In the 2018 APS agency survey, the top three learning and development needs for agencies over the next 12 to 24 months were:

  1. improving digital literacy
  2. developing leadership and management capability
  3. improving core skills in areas such as policy development and project management.

Investing in capability

… we all know how important on-the-job coaching and mentoring are—passing on traditions, insight and guidance is like a capability multiplier.

I sometimes think about my own public service career as a lifelong apprenticeship: I’ve never stopped learning from people around me and hope the Australian Public Service can deliver this for all its members.

Dr Martin Parkinson AC PSM, Secretary, Department of Prime Minister and Cabinet 66

The development of capability occurs across a career through experiences, job roles, manager support, mentoring, coaching, and formal learning and development programs.

The APSC plays a role in fostering leadership and high-quality development in the APS. This is provided through guidance, advice and some program delivery, however responsibility for capability development is largely devolved to agencies. For this reason, it is difficult to accurately assess total APS expenditure on formal learning and development.

Responses to the 2018 APS employee census showed that around 70 per cent of employees report being able to access learning and development solutions to meet their needs. A similar proportion agreed that their supervisor provides time for them to attend learning programs and supports them to apply their learnings back in the workplace.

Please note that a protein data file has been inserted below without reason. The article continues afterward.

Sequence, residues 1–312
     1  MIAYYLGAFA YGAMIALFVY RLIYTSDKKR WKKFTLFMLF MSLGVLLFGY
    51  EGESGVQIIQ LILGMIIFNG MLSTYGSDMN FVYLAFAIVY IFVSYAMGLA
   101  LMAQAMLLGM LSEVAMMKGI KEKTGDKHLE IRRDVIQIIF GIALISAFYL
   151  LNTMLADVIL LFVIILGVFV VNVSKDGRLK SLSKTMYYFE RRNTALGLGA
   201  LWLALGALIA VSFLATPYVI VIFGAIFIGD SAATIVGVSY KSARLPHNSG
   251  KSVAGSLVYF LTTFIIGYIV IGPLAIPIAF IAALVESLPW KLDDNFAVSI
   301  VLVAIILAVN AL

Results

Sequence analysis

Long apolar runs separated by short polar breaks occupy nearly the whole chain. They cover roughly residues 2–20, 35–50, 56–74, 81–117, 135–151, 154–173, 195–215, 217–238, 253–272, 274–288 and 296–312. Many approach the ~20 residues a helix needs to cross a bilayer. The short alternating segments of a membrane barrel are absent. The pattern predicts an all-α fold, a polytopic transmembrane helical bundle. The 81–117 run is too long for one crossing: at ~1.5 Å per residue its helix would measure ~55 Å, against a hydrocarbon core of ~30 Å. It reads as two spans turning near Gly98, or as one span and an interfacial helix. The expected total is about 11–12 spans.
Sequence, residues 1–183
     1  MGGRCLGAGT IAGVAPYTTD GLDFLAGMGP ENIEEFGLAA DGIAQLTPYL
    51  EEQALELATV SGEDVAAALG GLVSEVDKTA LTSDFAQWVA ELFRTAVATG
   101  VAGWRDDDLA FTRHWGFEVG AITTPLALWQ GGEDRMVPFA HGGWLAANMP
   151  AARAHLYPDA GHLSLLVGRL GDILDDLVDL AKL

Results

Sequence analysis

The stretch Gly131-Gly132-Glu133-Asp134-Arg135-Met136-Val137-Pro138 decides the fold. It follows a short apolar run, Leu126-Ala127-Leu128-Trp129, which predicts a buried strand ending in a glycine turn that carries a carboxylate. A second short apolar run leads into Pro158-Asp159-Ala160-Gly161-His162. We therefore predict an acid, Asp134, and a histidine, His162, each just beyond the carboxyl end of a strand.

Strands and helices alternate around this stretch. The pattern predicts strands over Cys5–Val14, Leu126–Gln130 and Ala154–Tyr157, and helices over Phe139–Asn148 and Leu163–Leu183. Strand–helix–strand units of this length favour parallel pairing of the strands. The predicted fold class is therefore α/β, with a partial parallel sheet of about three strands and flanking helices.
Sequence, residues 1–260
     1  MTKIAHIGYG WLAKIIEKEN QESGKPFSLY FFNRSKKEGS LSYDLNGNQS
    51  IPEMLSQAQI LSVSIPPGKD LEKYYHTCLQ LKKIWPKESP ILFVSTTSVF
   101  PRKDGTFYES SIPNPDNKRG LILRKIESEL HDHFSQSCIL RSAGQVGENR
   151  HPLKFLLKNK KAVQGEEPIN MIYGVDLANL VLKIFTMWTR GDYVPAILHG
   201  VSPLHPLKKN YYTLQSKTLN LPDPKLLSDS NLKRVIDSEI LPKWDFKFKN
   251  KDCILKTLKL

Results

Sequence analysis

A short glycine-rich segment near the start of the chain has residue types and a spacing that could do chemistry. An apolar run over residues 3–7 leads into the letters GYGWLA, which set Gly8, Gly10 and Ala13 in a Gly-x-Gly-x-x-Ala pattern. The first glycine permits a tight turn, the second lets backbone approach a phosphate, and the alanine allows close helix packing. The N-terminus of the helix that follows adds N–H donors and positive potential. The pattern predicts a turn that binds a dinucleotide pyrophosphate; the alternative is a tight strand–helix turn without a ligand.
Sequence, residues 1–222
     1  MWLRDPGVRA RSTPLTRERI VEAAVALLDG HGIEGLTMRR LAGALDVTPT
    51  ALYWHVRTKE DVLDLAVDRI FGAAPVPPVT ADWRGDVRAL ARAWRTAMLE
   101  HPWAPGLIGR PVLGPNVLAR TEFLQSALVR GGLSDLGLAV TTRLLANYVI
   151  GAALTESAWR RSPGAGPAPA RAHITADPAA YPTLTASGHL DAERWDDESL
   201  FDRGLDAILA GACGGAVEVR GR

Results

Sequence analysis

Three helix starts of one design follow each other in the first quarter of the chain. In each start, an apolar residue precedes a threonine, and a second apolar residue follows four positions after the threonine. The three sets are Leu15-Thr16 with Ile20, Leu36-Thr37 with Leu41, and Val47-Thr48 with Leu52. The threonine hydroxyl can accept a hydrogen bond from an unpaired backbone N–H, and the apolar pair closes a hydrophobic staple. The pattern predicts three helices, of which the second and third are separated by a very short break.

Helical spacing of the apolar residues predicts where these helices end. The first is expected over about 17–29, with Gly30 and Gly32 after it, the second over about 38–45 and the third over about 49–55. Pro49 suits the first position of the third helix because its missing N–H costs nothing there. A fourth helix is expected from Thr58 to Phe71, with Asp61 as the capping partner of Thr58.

There are areas for improvement regarding supervisor support for capability development. Just under 60 per cent of employees agreed their immediate supervisor coaches them as part of their development and/or discusses their career plans. Ensuring the optimum level of investment in the development of employees will contribute to a more capable workforce, better able to provide government services. These results are discussed in more detail in Chapter 8, Mobilising capability.

Professional public service

Professional public service skills underpin the ability of the public service to serve citizens through the government of the day. These skills go to the heart of what a public service does—policy, service delivery, regulation, implementation design, program management, and evaluation.

Recent work to analyse the capabilities that underpin the professionalism of APS employees identified six core enabling capabilities. These include working with government, working with people, effective communication, APS decision making, and management. The sixth capability, data and digital, is increasingly critical for all public servants.

While many of these skills have traditionally been learned on the job, there is a role for more structured learning and development to accelerate their acquisition and ensure consistency and fitness for purpose.

A case study highlighting recent evaluation results for ‘working with government’ and ‘APS decision-making’ capabilities demonstrates the extent to which ongoing attention to development is needed. Workforce renewal, including recruitment through entry-level programs and lateral recruits, means developing professional public service skills is an ongoing task.